Patriotism, they say, is the last refuge of the scoundrel. Freedom of expression, one should say, is the first refuge of those who would like to hide their biases under a bushel of self-righteousness.
This is something one can conclude after seeing how public platforms like Twitter, Facebook, Amazon and Apple behaved in the US after the 6 January riot by Donald Trump’s supporters on Capitol Hill. Twitter’s arrogant response to the Indian government’s demand to comply with the law is Exhibit 2.
If Twitter is an upholder of free speech, I am Martin Luther King.
Let us be clear on one thing: no central or state government in our independent history can ever be accused of being an unblemished votary of free speech.
At best, they advocate selective rights to free speech just like Twitter’s chief executive officer Jack Dorsey did yesterday (27 May). If it’s someone who I like or who I agree with politically, it is free speech; if it is someone I disagree with, it can be dubbed “manipulated media” or even “hate speech”.
Dorsey, who did not have any trouble posing with someone who wanted to “Smash Brahminical Patriarchy”, says that “We will continue to be strictly guided by…a commitment to …protecting freedom of expression and privacy under the law…”.
Ya, really? Why de-platform a sitting president in the US, where, even if you believe he indirectly exhorted his supporters to storm Capitol Hill, the limits to free speech are set by the US Supreme Court’s judgement in Brandenburg Vs Ohio, 1969. In this case, a Ku Klux Klan member, Clarence Brandenburg, advocated the use of force to protect White Caucasian interests, something which contravened Ohio’s laws against speeches that advocate violence.
But the Supreme Court, in a majority opinion, imposed a stricter test for deciding on the limits to free speech. It held that mere theoretical exhortations for the use of force or violence do not constitute a threat to free speech, unless there was a likelihood of “imminent lawless action”.
Whether Trump’s exhortations to his supporters crossed this line or not is anybody’s guess, but it is unlikely that any US court will debar Trump from speaking like he did before the storming of Capitol Hill. But Twitter came to its own judgement on this.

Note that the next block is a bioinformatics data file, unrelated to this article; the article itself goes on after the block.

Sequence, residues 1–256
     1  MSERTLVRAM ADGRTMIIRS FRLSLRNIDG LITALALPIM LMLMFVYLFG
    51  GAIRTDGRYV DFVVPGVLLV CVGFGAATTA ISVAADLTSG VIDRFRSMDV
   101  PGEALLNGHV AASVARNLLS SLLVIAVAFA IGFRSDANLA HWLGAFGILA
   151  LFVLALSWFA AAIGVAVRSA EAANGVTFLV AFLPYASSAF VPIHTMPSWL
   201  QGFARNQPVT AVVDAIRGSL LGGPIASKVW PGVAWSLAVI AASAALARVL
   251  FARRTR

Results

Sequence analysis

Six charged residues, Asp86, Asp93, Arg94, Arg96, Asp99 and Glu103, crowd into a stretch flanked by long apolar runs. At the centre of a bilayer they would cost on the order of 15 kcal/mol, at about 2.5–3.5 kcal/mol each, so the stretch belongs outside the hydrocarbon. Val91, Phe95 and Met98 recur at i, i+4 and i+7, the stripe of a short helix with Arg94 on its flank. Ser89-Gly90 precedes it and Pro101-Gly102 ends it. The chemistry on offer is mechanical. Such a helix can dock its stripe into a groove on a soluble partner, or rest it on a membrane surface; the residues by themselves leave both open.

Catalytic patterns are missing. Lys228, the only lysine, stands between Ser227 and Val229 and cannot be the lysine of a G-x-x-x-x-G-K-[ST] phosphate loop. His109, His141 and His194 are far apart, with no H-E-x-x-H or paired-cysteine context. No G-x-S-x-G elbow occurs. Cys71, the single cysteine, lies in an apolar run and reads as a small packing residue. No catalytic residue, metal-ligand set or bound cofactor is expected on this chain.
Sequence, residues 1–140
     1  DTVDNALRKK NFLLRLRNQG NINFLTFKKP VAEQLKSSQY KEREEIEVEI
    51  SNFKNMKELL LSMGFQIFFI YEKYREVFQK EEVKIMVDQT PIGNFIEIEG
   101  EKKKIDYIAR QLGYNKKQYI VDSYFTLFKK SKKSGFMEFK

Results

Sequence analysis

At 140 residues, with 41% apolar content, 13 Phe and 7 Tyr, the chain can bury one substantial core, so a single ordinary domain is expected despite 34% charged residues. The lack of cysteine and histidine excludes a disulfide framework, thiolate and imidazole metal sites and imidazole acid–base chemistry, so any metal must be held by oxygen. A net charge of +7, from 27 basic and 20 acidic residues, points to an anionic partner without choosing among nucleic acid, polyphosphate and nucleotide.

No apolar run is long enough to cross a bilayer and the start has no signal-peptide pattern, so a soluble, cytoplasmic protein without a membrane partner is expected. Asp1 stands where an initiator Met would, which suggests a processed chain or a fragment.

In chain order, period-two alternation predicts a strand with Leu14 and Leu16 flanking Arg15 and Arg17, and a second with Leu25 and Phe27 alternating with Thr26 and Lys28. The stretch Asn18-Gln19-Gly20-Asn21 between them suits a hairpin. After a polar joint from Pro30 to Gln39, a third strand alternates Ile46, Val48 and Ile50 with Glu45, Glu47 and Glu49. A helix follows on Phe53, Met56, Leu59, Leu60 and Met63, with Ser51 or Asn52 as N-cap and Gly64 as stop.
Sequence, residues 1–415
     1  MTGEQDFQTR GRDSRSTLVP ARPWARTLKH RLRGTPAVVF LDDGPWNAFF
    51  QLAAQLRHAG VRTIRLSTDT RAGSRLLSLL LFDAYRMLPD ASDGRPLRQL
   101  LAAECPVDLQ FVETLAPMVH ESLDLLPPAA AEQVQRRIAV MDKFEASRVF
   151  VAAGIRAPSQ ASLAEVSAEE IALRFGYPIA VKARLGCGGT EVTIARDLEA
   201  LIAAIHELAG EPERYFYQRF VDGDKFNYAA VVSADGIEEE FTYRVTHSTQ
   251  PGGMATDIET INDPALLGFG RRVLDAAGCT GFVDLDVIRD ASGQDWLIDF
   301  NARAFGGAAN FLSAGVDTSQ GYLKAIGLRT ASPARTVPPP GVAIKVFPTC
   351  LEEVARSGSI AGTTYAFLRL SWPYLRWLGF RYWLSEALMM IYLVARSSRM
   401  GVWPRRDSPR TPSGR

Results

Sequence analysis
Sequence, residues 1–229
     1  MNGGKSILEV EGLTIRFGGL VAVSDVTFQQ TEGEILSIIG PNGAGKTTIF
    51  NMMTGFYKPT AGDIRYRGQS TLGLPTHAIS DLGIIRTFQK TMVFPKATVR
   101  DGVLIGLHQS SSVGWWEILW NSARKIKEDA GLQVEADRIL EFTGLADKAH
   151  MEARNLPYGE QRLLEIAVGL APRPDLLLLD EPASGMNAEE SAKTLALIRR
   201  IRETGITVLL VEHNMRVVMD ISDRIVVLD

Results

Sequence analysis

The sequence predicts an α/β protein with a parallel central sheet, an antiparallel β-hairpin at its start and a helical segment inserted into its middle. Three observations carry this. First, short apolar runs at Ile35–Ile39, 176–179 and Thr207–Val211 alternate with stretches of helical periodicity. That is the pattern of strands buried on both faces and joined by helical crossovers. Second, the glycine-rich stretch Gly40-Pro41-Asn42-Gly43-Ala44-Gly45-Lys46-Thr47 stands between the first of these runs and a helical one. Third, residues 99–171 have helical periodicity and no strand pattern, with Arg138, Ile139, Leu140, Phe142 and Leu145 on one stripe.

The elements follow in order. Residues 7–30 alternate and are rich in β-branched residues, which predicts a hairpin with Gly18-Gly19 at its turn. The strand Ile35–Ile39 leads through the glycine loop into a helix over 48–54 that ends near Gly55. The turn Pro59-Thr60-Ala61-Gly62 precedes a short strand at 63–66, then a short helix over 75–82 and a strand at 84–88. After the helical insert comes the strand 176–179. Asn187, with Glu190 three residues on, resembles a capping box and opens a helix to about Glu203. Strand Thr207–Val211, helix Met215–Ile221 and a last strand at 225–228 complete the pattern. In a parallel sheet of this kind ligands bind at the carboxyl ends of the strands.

Indian laws on free speech are stricter, and they have been strong from the days of Jawaharlal Nehru, who clamped down on Article 19, which promised freedom of speech and expression.
Nehru’s first amendment, which is the exact opposite of the US First Amendment which expanded free speech rights, imposed several blanket restrictions to such exercise of freedom. So, Twitter can hardly claim that it is trying to follow Indian law.
In its statement in India, Twitter also claimed that it does not restrict the views of verified accounts or news media accounts, “in keeping with our principles of defending protected speech and freedom of expression".
Again, this is likely to be a falsehood, for Twitter has, on occasion, blocked one of my own tweets, which is a verified account. Either it believes that I am not a journalist or that I am not part of media.
Twitter is no defender of free speech. It believes only in the free speech rights of media it agrees with. It is an opportunistic defender of freedom of expression.
This is one reason why some states are considering restricting the right to de-platform anyone. Florida’s Governor, Ron DeSantis, recently signed a law preventing social media platforms from de-platforming politicians.
The battle will probably end up in court at some point of time, for both its proponents and opponents believe this is a breach of the first amendment’s promise.
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